“Our forecast shows that it’s not going to happen in any month in 2006,” said Bo Bylund.
Just a week ago, Employment Minister Hans Karlsson said that he thought the government would reach its goal by June.
“I don’t know what numbers he’s using – you should ask him that. From our November forecast it’s clear that there won’t be 4% unemployed in any month in 2006,” he told journalists at the Swedish parliament on Tuesday.
According to AMS’s latest figures, the total number of unemployed in Sweden has increased. The question is when the turnaround will come.
“It depends a little on what you mean by turnaround,” said Bylund.
“A kind of turnaround has already happened. Employment increased in 2005 and we have further positive signals of declining redundancies and more vacancies. The forecast is 65,000 new jobs in 2006.”
Open unemployment will fall this year, according to AMS.
However, the imbalance – in other words, open unemployment plus the number of people on state-run employment schemes – will increase by around 40,000. An important factor is that the Swedish labour force will grow by 30,000 people this year.
The new jobs will come primarily in the private sector, said AMS. New figures show that demand is greatest in the construction industry, IT and sales, but sectors such as engineering, catering and service will also need more workers.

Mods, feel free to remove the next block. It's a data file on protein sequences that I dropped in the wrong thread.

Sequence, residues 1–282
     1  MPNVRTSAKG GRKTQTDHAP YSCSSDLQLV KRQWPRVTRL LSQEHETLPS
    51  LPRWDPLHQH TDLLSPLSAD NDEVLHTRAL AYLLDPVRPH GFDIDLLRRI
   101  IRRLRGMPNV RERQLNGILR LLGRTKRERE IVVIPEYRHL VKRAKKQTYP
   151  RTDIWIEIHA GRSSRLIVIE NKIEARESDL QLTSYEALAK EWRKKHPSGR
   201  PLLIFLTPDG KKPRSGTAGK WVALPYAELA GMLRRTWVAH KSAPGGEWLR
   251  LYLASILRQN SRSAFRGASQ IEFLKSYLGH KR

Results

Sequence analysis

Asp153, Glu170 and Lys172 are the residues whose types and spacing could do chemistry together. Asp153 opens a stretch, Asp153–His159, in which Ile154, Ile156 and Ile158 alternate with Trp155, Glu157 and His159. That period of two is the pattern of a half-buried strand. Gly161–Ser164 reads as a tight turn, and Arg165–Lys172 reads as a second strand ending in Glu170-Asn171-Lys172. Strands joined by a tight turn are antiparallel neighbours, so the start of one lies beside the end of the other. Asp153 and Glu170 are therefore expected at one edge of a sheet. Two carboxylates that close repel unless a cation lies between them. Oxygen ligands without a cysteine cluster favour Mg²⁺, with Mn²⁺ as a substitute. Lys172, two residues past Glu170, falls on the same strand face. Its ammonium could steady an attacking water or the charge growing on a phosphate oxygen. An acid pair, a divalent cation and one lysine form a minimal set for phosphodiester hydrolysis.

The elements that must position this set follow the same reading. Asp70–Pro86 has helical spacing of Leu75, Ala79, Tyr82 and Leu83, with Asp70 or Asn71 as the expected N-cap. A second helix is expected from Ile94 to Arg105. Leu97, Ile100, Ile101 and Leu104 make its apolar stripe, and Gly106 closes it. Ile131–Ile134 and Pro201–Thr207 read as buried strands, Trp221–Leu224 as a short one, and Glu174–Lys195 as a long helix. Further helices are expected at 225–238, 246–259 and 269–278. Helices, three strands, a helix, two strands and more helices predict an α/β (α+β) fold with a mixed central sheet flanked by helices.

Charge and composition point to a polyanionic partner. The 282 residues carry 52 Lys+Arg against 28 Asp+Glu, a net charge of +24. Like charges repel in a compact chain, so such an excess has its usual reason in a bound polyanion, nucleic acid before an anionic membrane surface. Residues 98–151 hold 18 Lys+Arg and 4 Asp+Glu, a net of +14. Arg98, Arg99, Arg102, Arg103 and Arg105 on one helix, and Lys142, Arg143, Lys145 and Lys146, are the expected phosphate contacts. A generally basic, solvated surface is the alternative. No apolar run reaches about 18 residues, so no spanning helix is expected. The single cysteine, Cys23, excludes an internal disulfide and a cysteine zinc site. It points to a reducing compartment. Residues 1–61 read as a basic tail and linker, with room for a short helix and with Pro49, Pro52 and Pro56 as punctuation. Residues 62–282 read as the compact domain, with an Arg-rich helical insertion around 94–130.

So far the development of so-called ‘plus jobs’ has been sluggish but Bylund is hoping for a ‘ketchup effect’ and reckons there will be 20,000 such jobs in the summer. A special scheme to encourage small firms to take on graduates has not worked at all. Bylund blames personnel companies which, he says, have actively worked against the plan.
He said that he does not feel any particular pressure from the government to show positive figures in an election year.
“No, I feel pressure from myself to deliver good results. The level of unemployment is not my bag – I shall hit the targets which the government has set for us,” said Bo Bylund.
A report from the Swedish Institute for Growth Policy Studies shows that comparatively few jobs have moved abroad. According to the institute, somewhere between 2,000 and 4,000 jobs were affected by production being moved abroad.